But, this particular post isn’t just about belief. It is also about our commonly thrown about acronym, UPG. This acronym means “unverified personal gnosis.” This term means that we have been given knowledge, or smidges of intuition, that we have incorporated into our practices. These bits of knowledge can just be things that we feel or items that the gods themselves have told us. For example, I start getting really powerful cardinal imagery when Hekate joined my household. It was later that I learned she actually is associated with cardinals in some way, but before I knew that, I considered it a bit of knowledge gleaned from communication with this particular deity.

Now, the thing is that in some circles, you will find that the term doxa is synonymous with UPG. However, I have to disagree with this. I feel that the two of them are not mutually exclusive. To me, one is based solely on believing in something while the other is based solely on knowledge gleaned from various arenas. While I can see the similarities between the two – with the various consensus among many polytheists being that the start of doxa was someone else’s UPG – I find myself incredibly leery of this frame of mind. Call me an outsider, or a weirdo, or just plain strange, but this isn’t how I go about my practice at all. I believe in what I do, but I also have outside knowledge gleaned from the gods that I have incorporated into my practice.

I suppose I’m just lucky that I don’t have to really start at the beginning to create a religion.

The thing about either of these terms, though, is that quite often in the Kemetic community, you get laughed out of a discussion if you use UPG or even begin to discuss beliefs. We can get down and dirty with our communal discussions about various items and nothing gets laughed out harder than even thinking about heading toward the “woo-woo” with said discussions. The problem here is that, all jokes aside, mysticism and “woo-woo” are part and parcel to reconstructed religions. Mysteries are often discussed, dissected, and discussed again in different polytheist circles. However, for some odd reason, aside from a few random comments about the Mysteries of Osiris, there doesn’t seem to be as much discussion on them in Kemetic circles… Huh. Maybe I’m just not around for those discussions.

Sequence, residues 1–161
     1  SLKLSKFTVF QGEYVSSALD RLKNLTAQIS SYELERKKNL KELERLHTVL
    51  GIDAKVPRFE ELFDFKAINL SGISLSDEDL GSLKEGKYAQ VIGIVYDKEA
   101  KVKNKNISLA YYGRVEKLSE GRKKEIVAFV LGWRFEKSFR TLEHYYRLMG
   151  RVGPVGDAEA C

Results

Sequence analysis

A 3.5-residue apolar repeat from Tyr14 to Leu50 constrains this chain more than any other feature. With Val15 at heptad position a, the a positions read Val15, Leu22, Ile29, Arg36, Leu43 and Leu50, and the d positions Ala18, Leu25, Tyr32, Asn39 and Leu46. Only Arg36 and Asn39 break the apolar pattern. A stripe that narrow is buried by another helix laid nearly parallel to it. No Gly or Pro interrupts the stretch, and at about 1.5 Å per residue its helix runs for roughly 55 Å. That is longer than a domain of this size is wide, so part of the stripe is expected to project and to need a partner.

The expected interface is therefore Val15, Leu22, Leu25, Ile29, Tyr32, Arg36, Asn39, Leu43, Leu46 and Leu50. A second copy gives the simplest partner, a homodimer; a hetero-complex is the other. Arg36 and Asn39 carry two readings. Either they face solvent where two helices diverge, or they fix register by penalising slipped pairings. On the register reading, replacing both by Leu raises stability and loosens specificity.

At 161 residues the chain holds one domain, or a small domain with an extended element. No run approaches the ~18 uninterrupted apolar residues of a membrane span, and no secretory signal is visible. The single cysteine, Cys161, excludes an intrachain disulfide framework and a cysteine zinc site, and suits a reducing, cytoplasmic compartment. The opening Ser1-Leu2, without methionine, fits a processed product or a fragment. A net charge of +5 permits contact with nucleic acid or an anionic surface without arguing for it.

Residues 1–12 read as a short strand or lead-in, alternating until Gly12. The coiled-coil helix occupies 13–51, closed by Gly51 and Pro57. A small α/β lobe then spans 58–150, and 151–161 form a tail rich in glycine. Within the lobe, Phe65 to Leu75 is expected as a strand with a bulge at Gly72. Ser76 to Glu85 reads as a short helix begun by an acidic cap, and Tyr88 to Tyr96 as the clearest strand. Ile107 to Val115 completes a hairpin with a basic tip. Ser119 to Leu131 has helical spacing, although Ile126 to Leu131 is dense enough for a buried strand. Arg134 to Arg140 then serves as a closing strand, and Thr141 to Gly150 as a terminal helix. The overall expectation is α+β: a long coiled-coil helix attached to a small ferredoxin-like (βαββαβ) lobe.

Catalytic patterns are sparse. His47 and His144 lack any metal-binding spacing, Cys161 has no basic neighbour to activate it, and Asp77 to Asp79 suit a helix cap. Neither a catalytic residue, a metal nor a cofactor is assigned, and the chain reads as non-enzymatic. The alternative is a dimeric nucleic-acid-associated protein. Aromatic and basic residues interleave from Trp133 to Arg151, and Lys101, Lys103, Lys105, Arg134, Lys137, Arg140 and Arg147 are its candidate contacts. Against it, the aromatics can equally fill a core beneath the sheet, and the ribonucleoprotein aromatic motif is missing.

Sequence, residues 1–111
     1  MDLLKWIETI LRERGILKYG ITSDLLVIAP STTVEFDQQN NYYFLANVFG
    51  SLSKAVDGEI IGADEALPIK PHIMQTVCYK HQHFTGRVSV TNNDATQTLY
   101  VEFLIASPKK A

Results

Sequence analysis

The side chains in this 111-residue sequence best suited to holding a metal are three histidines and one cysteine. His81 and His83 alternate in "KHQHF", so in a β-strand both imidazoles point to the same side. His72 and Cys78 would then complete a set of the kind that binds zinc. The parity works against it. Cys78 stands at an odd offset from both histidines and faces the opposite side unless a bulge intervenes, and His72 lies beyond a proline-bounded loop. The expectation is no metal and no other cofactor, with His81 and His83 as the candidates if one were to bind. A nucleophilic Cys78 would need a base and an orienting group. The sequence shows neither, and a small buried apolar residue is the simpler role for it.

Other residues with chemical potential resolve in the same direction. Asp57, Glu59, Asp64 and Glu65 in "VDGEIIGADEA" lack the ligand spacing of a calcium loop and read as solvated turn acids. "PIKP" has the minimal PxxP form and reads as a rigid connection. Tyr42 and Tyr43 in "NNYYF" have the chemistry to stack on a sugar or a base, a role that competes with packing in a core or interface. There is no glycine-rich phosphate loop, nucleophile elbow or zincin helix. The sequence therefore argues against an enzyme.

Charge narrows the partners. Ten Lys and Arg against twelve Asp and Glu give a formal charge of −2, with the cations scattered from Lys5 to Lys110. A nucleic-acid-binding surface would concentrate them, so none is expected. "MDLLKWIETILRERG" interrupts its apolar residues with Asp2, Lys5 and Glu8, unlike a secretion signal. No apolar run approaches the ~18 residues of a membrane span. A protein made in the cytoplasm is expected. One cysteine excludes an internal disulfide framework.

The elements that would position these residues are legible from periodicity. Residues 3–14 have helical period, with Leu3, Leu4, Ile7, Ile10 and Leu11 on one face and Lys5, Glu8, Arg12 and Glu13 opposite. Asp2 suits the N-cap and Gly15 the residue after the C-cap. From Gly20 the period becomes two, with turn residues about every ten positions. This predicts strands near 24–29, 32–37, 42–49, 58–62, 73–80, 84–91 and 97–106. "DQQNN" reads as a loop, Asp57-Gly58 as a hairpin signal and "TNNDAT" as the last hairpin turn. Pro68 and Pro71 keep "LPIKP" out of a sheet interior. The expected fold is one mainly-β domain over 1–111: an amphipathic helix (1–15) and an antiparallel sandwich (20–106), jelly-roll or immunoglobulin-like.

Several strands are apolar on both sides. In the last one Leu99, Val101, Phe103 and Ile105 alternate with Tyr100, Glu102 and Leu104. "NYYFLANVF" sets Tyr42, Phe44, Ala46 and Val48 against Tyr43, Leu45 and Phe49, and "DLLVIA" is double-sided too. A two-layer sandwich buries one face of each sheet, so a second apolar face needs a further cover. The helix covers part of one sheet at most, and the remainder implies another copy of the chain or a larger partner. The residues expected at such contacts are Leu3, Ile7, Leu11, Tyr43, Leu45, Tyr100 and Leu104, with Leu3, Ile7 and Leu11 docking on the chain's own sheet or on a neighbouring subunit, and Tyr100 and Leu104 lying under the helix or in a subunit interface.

In either case, Kemetics seem to be very dead-set against having “woo-woo” in their practices. I don’t see why this is the case. I’ve met up with quite a few Kemetics, who make up my community as it turns out, who do have “woo-woo” going on. They’ve mentioned that discussing it outside of our community is definitely “not a good idea” as they’ll get laughed at. They’ve either watched it happen or they’ve heard about it from other people. It doesn’t really matter who did what when or even why; the problem is that this frame of mind is exceedingly prevalent in the recon world of Kemeticism. And it really has no justification if we’re practicing a reconstructed ancient religion, which included “woo-woo” back then and should probably include “woo-woo” right now. Just because we can’t find what that “woo-woo” happened to be back in the day doesn’t mean that it didn’t exist or that the “woo-woo” being practiced today is any less valid than what was practiced thousands of years ago.

Now, I can understand walking into someone’s blog and reading a passage like,